AMP (accelerated mobile pages) for Email has been widely discussed since Google announced it was working on the project in 2018. But are brands really using it?
“There has not been a lot of adoption because email marketers are stretched pretty thin,” says April Mullen, director of strategic insight for SparkPost, a service provider that supports AMP and was a launch partner with Google.
For one thing, AMP users are tasked with many operational chores. For example, they have to get themselves whitelisted on Google and other email clients.
Then there’s the pressure on budgets in this time of the pandemic. “We’re in the nascent stages,” Mullen admits. “Budgets are disappearing—the shiny objects tend to get cut.”
But Mullen adds, “That would be a wrong move, because email is cost-effective and AMP makes it that much better.”
For those who may have missed it, AMP is an open-source framework designed to make mobile pages load faster. Extended to email, it leads to “more engaging, interactive, and actionable email experiences,” Google said in 2018.
Still, Mullen’s view about the lack of brand buy-in is shared by other industry experts—like Roger Barnette, CEO of enterprise email provider MessageGears.
“We support AMP and I would say it’s getting a lot of attention—I don’t want to use the word hype. There are lots of questions about it, and lots of people want to test it but I haven’t seen large-scale adoption.”
“It’s still a buzzword because of the lack of adoption,” adds Ryan Phelan, chief marketer of Origin. “It would seem that this capability would appeal to marketers to enrich email, but I think this lack of adoption is based on the level of effort that a marketer would need to do against all the other things that are already in the production process.”
Despite that, Phelan adds that “dynamic email by companies like LiveClicker, MovableInk and Campaign-Genius have made it easy. They all have tools that take little implementation and time and are easy to understand.”
Some big brands are using AMP. Enabled by AMP, Pinterest has “taken the experience within the app or post log-in and made it so you can pin items right from the email. Every email they send is one to one,” Mullen says.
Then there’s Lending Tree, which offer an interactive quiz.
In short, AMP allows consumers to do whatever they need to do--within the email.
All this is happening as marketers contemplate the purported death of the cookie.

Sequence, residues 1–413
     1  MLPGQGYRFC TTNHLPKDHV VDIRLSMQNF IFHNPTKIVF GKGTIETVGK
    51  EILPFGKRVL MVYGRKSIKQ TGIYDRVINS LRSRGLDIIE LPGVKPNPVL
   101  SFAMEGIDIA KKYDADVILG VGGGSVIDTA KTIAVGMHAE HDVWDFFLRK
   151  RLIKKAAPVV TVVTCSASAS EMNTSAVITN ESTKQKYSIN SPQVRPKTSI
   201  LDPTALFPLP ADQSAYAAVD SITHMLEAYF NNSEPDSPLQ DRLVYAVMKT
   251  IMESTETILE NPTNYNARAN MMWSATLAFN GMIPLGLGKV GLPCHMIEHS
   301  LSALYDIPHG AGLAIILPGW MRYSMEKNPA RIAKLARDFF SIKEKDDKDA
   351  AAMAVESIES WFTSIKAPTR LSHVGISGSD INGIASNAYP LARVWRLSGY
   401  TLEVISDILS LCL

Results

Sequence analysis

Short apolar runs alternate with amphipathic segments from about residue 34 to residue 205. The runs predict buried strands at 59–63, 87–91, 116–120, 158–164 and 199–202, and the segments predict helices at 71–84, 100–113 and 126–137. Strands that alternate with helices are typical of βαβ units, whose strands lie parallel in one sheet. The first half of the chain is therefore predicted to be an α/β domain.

“The end of the cookie will hurt the ability of marketers to target on third-party platforms,” says Charlie Reverté, CTO at SparkPost. “It’s going to reduce the effectiveness of personalized paid media and reduce the ROI of cold acquisition, and increase the demand for email.”
That may be a good thing. Mullen adds that brands are “hemorrhaging money on acquiring and not following lifetime value. The demise of cookies suddenly makes lifetime value more important.”
Brands should not just be “filling the bucket to fill the bucket,” Mullen adds. Instead, they should focus on serving their existing customers.
AMP can provide a level of interactivity that has not been seen in email. It increases email visibility by 10X, and can deliver “dynamic content, up to the minute, sealed and sent,” Reverté says.
AMP “seems very technical, which translates to decreased speed to market and means marketers have to learn about it and apply it to their strategy and tactics,” Phelan says.
Until they do, “I have my reservations as to widespread adoption,” Phelan adds.
Another source, Twilio Sendgrid, warns that “AMP can be a double-edged sword...When you use AMP in an email campaign, you set up the dynamic content you want to use and then send it away, losing the control you had over the interaction,” the company says in its 2020 Email Deliverability Guide.
All that is probably right. But big brands are interested, and AMP for Email may finally take off if other email service providers support it and these glitches are all worked out. We’re only at the start.
“I’m bullish on AMP,” Mullen concludes.